Stunned. Afraid. Confused. Just a few of the words that might describe your state of mind when you learn you have colorectal cancer. And then there’s the big question you want to answer: “What do I do now?”
You don’t have to tackle everything at once. But take a few steps now, and you’ll feel more prepared to begin treatment and handle what comes next. Here are a few ways you can get going in the right direction.
Decide What You’ll Tell Other People
There’s no right time or way to tell others that you have cancer. You may want to start with the most important people in your life -- your partner, family, or friends -- and go from there. Explain the type of cancer you have, the treatment you’ll need, and what your next steps will be.
If you have kids, how much you tell them will depend on their age and what you think they can handle. But reassure them that they can’t “catch” your disease, and they did nothing to cause it -- two common fears kids have.
Since you may need to take time off from work for treatment, it’s important to let your boss or someone in your company’s HR department know that you’re sick. You may want to tell a few co-workers, too.
If you don’t feel like telling dozens of people about your diagnosis, try this: Pick one or two people close to you to spread the word and field questions from others.
If you learn more about colorectal cancer, you might feel more in control of what’s happening. Start by taking a list of questions to your next doctor’s visit. You can also contact the National Cancer Information Center (NCIC), which offers free information and support by phone, email, or live chat.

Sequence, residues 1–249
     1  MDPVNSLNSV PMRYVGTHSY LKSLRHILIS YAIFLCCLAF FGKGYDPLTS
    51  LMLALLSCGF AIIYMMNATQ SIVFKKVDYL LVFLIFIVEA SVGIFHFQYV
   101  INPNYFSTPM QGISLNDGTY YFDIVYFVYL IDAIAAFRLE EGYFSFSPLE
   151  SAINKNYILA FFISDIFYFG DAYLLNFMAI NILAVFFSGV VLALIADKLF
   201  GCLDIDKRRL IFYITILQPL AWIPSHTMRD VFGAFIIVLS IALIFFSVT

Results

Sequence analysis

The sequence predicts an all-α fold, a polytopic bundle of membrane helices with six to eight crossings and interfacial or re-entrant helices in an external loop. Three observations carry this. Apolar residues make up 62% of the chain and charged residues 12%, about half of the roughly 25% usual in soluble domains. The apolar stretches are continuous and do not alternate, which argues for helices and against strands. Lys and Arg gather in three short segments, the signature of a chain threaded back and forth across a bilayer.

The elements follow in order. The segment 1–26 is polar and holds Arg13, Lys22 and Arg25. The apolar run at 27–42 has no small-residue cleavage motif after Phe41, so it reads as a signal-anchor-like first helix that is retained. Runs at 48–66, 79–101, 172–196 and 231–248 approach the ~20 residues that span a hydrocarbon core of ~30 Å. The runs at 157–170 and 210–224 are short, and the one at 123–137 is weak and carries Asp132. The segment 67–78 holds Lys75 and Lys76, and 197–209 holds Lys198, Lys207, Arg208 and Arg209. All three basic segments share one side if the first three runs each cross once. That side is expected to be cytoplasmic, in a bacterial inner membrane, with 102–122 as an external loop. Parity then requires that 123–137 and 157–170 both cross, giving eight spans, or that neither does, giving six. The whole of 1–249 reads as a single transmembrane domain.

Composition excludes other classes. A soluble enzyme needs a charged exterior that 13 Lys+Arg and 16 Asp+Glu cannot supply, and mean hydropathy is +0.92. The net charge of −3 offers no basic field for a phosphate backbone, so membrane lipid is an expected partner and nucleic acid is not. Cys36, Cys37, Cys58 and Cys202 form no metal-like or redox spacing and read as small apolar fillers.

Some patient advocacy groups, like the Colon Cancer Alliance and Fight Colorectal Cancer, also help people get through the disease. Their resources can explain any medical terms you don’t understand, match you with clinical trials, and link you with financial resources if you need help paying for your care.
Set Yourself Up for the Best Care
Choosing a doctor for your treatment is a big decision. Ask your primary care doc or someone else you trust to recommend some. You can then ask which hospitals they work in and if they take your insurance.
Try to talk with your top choices in person or on the phone to make sure you feel comfortable with them. Most importantly, check that they, and their treatment center, have experience with your type of cancer.
When you tell family and friends you’re sick, many will ask, “What can I do to help?” Your first reaction might be to say, “Nothing, thanks.” But support will be important as you fight your disease. So don’t be afraid to ask for what you need, whether it’s a ride to the doctor or help watching your kids.
A support group can be another great resource. Look for one through your hospital, or connect with other people who have colorectal cancer through an online group like the Cancer Survivors Network.
All support groups are different. You might have to try a few before you find one you click with.
Make Healthy Changes
Exercise is even more important for people with colorectal cancer. It can help you get to a healthy weight, which can stop your cancer from coming back down the road. It’s also a great way to keep your stress in check.
Talk to your doctor about how much and what type of exercise is right for you. Many people aim for 30 minutes most days of the week. But if you’re just getting started, try to be active for 10-15 minutes and build up from there.
After treatment, your doctor will likely tell you to change your diet for a while to foods that are easy on your colon. Until then, eat a plant-based diet with at least five servings of fruits and vegetables each day. Cut back on red meat. Choose whole grains like whole wheat bread and brown rice over refined foods like white bread and rice. And opt for low-fat rather than full-fat dairy products.
If you smoke, now’s the time to quit. People who use tobacco do only half as well with treatment for colorectal cancer. Talk to your doctor if you need help kicking the habit.